May Issue 2008

By | Arts & Culture | Movies | Published 16 years ago

Up-and-coming filmmaker Mohammed Naqvi was one of the recipients of the inaugural Television Academy Honors this year for his 2006 documentary Shame, which tackled the issue of violence against women in Pakistan, more specifically the Mukhtaran Mai case. Produced for the Showtime cable network, Shame, along with eight other television programmes, was picked ahead of 200 other entries. In addition to being featured at the Toronto International Fim Festival, the International Documentary Festival Amsterdam and the Tribeca Film Festival, Shame has won awards at the Durban Film Festival and the Full Frame Documentary Festival last year. Naqvi has also been selected as one of the members of the American Film Institute Project for international directors.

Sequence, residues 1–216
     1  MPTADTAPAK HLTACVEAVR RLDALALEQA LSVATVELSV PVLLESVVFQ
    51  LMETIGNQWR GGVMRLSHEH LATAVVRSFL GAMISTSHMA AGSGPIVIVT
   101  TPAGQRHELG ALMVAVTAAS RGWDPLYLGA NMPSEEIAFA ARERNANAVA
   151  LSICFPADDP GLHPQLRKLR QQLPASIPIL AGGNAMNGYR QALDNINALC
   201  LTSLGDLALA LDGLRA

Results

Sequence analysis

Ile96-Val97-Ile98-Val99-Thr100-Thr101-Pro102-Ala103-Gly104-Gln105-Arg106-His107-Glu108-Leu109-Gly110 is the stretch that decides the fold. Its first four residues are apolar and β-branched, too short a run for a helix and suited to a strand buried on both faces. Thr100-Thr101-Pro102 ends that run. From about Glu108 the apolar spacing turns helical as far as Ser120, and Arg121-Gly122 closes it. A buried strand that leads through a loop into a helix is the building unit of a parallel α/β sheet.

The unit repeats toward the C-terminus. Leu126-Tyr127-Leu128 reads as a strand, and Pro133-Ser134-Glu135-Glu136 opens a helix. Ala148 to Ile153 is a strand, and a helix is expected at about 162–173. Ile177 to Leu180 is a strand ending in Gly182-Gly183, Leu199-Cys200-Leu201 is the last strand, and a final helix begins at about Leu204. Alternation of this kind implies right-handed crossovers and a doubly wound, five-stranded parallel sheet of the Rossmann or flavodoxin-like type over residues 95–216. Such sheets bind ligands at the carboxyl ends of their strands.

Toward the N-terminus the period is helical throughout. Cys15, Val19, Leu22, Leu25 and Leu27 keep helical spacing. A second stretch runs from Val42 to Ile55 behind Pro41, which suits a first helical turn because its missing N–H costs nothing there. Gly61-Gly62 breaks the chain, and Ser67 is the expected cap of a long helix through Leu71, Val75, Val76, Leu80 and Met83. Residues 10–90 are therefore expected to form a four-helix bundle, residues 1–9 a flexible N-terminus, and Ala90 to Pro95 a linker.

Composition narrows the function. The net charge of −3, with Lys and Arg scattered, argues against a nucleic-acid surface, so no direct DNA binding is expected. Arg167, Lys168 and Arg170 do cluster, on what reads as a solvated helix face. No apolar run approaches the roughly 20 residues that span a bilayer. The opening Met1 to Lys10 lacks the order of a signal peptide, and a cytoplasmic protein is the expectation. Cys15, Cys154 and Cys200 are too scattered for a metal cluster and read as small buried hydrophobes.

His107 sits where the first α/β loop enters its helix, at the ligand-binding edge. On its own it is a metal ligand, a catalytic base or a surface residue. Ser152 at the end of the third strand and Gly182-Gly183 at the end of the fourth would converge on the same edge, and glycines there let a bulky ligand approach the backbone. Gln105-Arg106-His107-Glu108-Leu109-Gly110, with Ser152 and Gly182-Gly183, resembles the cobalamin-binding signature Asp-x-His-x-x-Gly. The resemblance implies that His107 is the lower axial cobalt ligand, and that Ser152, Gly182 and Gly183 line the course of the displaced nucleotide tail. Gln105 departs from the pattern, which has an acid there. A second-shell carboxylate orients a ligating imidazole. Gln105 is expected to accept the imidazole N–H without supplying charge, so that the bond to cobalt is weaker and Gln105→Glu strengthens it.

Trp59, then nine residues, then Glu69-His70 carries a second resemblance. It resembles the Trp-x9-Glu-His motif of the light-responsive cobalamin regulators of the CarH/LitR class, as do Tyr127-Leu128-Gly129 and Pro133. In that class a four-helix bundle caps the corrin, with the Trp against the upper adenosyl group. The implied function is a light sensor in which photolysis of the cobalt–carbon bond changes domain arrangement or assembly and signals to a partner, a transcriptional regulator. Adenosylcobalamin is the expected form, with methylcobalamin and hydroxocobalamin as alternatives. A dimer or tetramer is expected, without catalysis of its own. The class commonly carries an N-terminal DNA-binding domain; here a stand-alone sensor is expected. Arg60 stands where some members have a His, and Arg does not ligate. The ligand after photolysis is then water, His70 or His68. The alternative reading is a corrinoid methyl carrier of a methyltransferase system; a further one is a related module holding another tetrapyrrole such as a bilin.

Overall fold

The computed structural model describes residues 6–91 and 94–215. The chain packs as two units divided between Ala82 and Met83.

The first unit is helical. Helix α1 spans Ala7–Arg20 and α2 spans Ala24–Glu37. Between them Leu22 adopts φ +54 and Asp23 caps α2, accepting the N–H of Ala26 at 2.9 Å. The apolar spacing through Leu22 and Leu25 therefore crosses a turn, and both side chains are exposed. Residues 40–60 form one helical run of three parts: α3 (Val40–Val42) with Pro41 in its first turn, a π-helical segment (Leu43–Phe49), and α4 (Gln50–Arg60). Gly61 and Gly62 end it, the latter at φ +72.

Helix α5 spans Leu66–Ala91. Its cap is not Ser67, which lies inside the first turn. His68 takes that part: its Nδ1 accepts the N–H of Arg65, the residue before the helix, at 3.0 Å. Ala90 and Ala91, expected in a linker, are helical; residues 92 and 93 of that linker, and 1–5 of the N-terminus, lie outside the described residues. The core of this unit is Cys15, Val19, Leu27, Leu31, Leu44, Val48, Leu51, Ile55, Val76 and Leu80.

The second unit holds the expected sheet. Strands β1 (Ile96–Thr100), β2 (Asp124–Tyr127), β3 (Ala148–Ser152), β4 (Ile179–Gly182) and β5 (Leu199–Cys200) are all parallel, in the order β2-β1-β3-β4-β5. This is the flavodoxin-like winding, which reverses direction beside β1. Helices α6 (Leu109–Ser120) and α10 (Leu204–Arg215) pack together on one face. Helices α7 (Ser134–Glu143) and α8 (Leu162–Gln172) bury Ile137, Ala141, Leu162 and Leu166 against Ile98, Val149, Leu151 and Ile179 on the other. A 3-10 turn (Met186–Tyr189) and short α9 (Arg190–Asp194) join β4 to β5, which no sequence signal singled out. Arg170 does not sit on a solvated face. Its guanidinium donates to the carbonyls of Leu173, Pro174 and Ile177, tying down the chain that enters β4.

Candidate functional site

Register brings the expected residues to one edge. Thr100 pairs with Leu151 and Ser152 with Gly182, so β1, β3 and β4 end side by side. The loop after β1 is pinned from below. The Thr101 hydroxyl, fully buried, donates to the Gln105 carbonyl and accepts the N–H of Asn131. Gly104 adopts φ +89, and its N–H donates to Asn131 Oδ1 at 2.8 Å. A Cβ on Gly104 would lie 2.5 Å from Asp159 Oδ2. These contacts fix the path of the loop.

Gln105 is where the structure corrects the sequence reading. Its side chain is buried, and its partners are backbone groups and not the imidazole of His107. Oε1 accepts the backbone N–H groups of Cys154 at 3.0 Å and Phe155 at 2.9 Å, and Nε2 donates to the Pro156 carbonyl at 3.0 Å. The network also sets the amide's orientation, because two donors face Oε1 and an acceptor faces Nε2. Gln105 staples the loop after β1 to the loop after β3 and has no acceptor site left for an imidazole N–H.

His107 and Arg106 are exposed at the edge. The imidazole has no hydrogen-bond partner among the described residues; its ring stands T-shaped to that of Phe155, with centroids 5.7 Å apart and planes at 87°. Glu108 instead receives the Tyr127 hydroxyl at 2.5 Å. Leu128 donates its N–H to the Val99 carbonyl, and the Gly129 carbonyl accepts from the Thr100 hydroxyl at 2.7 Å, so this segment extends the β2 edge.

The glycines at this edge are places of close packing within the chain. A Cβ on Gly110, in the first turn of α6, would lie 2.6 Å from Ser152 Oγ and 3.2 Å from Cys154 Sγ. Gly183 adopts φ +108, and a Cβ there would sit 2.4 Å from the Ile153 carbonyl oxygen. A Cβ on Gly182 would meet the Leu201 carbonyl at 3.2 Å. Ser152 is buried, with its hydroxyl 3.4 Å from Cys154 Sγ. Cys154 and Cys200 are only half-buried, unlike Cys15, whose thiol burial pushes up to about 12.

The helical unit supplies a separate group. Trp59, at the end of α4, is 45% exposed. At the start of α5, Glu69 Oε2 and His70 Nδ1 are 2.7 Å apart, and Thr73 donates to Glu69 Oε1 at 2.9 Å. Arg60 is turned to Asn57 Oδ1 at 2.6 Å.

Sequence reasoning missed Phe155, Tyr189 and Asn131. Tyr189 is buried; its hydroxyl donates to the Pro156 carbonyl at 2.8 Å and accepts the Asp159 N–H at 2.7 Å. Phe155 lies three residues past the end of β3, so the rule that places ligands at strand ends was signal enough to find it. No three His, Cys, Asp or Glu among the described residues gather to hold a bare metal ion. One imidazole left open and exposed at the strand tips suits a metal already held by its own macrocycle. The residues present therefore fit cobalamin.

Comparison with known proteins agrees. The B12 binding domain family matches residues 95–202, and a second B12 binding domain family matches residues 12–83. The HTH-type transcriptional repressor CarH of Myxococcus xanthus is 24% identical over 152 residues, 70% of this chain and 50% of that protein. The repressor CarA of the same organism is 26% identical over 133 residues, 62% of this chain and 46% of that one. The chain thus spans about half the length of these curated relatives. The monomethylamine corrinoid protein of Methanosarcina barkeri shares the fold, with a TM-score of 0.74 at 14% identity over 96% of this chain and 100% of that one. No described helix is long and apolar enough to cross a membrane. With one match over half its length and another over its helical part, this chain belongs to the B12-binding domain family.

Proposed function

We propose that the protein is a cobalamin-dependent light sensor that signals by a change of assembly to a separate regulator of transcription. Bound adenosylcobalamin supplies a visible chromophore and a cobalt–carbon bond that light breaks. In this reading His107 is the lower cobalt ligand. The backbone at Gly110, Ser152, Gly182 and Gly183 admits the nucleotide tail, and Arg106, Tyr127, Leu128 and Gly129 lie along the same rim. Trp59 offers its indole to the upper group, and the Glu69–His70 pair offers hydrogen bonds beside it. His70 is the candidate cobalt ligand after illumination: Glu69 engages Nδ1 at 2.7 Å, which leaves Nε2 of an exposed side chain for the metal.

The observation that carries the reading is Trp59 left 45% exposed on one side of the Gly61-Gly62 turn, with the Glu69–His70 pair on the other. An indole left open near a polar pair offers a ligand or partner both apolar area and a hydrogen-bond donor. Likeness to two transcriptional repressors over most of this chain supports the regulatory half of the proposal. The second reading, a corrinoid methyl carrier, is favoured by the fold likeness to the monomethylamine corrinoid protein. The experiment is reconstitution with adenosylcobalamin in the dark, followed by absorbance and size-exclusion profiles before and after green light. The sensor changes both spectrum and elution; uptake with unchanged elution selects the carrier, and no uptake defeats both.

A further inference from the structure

Using the Mukhtaran Mai case as an example, Naqvi’s documentary points out the urgent need to empower women in third world countries so that they can fight for their own rights. Alongside, it pays homage to Mukhtaran Mai, who fought against the system to receive justice.

Although Naqvi is only 29 years old, Shame is not his first film project. He was a producer for the critically acclaimed film Big River and directed a short, Hide, in 2004.